3. Variational Quantum Algorithms (VQAs) rely upon the iterative optimization of a parameterized unitary circuit with respect to an objective function. Since quantum machines are noisy and expensive resources, it is imperative to choose a VQA's ansatz appropriately and its initial parameters to be close to optimal. This work tackles the problem of finding initial ansatz parameters by proposing CAFQA, a Clifford ansatz for quantum accuracy. The CAFQA ansatz is a hardware-efficient circuit built with only Clifford gates. In this ansatz, the initial parameters for the tunable gates are chosen by searching efficiently through the Clifford parameter space via classical simulation, thereby producing a suitable stabilizer state. The stabilizer states produced are shown to always equal or outperform traditional classical initialization (e.g., Hartree-Fock), and often produce high accuracy estimations prior to quantum exploration. Furthermore, the technique is classically suited since a) Clifford circuits can be exactly simulated classically in polynomial time and b) the discrete Clifford space, while scaling exponentially in the number of qubits, is searched efficiently via Bayesian Optimization. For the Variational Quantum Eigensolver (VQE) task of molecular ground state energy estimation up to 20 qubits, CAFQA's Clifford Ansatz achieves a mean accuracy of near 99%, recovering as muchmore »as 99.99% of the correlation energy over Hartree-Fock. Notably, the scalability of the approach allows for preliminary ground state energy estimation of the challenging Chromium dimer with an accuracy greater than Hartree-Fock. With CAFQA's initialization, VQA convergence is accelerated by a factor of 2.5x. In all, this work shows that stabilizer states are an accurate ansatz initialization for VQAs. Furthermore, it highlights the potential for quantum-inspired classical techniques to support VQAs.« less
  4. A basic question in the theory of fault-tolerant quantum computation is to understand the fundamental resource costs for performing a universal logical set of gates on encoded qubits to arbitrary accuracy. Here we consider qubits encoded with constant space overhead (i.e. finite encoding rate) in the limit of arbitrarily large code distance d through the use of topological codes associated to triangulations of hyperbolic surfaces. We introduce explicit protocols to demonstrate how Dehn twists of the hyperbolic surface can be implemented on the code through constant depth unitary circuits, without increasing the space overhead. The circuit for a given Dehn twist consists of a permutation of physical qubits, followed by a constant depth local unitary circuit, where locality here is defined with respect to a hyperbolic metric that defines the code. Applying our results to the hyperbolic Fibonacci Turaev-Viro code implies the possibility of applying universal logical gate sets on encoded qubits through constant depth unitary circuits and with constant space overhead. Our circuits are inherently protected from errors as they map local operators to local operators while changing the size of their support by at most a constant factor; in the presence of noisy syndrome measurements, our results suggestmore »the possibility of universal fault tolerant quantum computation with constant space overhead and time overhead of O ( d / log ⁡ d ) . For quantum circuits that allow parallel gate operations, this yields the optimal scaling of space-time overhead known to date.« less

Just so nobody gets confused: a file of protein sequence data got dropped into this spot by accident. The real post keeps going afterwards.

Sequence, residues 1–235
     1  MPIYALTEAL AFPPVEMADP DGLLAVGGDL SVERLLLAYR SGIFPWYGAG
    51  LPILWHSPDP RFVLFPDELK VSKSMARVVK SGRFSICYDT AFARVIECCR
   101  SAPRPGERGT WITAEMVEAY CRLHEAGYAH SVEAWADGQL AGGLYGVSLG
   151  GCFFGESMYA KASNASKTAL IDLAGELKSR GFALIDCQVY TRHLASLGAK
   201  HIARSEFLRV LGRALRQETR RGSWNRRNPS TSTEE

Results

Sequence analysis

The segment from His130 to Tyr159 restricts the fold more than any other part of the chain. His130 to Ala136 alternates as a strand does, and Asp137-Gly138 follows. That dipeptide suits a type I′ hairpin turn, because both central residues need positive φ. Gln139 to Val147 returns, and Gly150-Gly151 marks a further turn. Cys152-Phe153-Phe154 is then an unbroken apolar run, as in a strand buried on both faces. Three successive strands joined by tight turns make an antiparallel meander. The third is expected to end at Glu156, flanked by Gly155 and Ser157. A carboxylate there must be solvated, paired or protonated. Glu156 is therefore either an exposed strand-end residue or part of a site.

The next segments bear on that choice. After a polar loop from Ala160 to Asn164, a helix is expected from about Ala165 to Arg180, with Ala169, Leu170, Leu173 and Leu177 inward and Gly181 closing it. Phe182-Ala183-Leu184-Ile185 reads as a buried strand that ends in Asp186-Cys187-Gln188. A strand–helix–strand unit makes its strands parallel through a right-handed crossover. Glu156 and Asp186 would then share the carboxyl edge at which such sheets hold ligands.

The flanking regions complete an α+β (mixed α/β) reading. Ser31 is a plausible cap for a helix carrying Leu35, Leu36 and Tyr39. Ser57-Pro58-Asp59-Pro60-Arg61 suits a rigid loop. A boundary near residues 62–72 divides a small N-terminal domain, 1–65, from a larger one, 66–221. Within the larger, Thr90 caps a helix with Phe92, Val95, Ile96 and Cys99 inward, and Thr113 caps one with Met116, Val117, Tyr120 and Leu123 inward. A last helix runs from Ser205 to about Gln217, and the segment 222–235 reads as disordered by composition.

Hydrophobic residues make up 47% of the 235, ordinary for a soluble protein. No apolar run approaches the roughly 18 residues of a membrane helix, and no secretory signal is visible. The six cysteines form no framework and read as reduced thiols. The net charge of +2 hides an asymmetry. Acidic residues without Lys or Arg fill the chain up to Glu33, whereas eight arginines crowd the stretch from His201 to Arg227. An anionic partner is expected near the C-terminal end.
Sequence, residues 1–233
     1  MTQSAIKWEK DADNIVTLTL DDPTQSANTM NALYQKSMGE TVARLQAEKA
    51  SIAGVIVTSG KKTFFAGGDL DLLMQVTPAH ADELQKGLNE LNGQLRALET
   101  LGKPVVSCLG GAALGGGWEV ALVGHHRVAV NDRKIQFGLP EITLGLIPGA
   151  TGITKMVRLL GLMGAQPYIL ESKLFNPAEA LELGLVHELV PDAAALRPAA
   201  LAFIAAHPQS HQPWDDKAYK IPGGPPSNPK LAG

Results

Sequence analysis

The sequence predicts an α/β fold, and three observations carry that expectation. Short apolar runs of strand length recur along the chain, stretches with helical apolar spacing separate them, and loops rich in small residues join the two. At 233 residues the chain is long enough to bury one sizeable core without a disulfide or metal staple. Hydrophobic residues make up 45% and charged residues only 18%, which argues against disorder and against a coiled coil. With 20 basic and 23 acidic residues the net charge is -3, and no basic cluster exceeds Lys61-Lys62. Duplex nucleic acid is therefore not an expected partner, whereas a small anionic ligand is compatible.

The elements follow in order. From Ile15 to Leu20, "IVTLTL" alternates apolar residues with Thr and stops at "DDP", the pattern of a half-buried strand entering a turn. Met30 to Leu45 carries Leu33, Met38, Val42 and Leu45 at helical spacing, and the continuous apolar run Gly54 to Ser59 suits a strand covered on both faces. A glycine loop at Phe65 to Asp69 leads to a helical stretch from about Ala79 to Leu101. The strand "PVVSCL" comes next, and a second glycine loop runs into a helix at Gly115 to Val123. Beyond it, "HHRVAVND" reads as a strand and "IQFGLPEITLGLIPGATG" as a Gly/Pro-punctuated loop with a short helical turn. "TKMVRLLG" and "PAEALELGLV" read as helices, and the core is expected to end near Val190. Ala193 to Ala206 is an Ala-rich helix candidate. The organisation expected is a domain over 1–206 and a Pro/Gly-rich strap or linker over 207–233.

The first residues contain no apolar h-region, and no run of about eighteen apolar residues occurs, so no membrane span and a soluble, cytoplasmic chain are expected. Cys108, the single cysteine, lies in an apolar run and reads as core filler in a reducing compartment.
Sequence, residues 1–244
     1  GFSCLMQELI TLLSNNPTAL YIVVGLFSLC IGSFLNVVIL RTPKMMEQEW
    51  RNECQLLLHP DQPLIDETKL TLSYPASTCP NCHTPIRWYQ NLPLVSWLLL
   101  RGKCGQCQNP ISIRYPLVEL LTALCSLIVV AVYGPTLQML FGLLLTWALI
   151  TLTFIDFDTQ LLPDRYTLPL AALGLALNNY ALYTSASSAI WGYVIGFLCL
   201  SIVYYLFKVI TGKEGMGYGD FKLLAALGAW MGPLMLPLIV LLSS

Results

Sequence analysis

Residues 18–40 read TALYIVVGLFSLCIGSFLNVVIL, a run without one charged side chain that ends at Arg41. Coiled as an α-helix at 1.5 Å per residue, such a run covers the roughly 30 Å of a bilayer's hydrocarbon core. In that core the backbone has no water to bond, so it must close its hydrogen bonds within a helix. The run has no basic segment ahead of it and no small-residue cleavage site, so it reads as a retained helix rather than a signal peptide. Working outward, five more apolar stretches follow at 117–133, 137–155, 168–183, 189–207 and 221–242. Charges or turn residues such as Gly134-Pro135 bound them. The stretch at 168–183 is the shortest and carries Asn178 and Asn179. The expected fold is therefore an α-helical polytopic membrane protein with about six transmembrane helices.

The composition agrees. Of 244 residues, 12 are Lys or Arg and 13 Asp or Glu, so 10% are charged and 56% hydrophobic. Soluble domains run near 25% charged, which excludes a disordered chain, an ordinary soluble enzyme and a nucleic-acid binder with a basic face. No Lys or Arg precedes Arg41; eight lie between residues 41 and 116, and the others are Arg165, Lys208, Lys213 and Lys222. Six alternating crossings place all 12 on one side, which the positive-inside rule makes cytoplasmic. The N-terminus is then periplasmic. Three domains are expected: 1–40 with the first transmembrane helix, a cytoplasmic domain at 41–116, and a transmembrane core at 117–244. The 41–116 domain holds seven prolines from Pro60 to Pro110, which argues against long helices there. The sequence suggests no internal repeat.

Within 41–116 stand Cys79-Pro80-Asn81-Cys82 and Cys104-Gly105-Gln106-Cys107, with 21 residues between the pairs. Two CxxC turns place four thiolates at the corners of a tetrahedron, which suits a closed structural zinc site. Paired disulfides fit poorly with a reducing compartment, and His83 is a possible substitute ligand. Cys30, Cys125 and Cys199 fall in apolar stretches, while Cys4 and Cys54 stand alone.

5. Abstract A superconducting diode is an electronic device that conducts supercurrent and exhibits zero resistance primarily for one direction of applied current. Such a dissipationless diode is a desirable unit for constructing electronic circuits with ultralow power consumption. However, realizing a superconducting diode is fundamentally and technologically challenging, as it usually requires a material structure without a centre of inversion, which is scarce among superconducting materials. Here, we demonstrate a superconducting diode achieved in a conventional superconducting film patterned with a conformal array of nanoscale holes, which breaks the spatial inversion symmetry. We showcase the superconducting diode effect through switchable and reversible rectification signals, which can be three orders of magnitude larger than that from a flux-quantum diode. The introduction of conformal potential landscapes for creating a superconducting diode is thereby proven as a convenient, tunable, yet vastly advantageous tool for superconducting electronics. This could be readily applicable to any superconducting materials, including cuprates and iron-based superconductors that have higher transition temperatures and are desirable in device applications.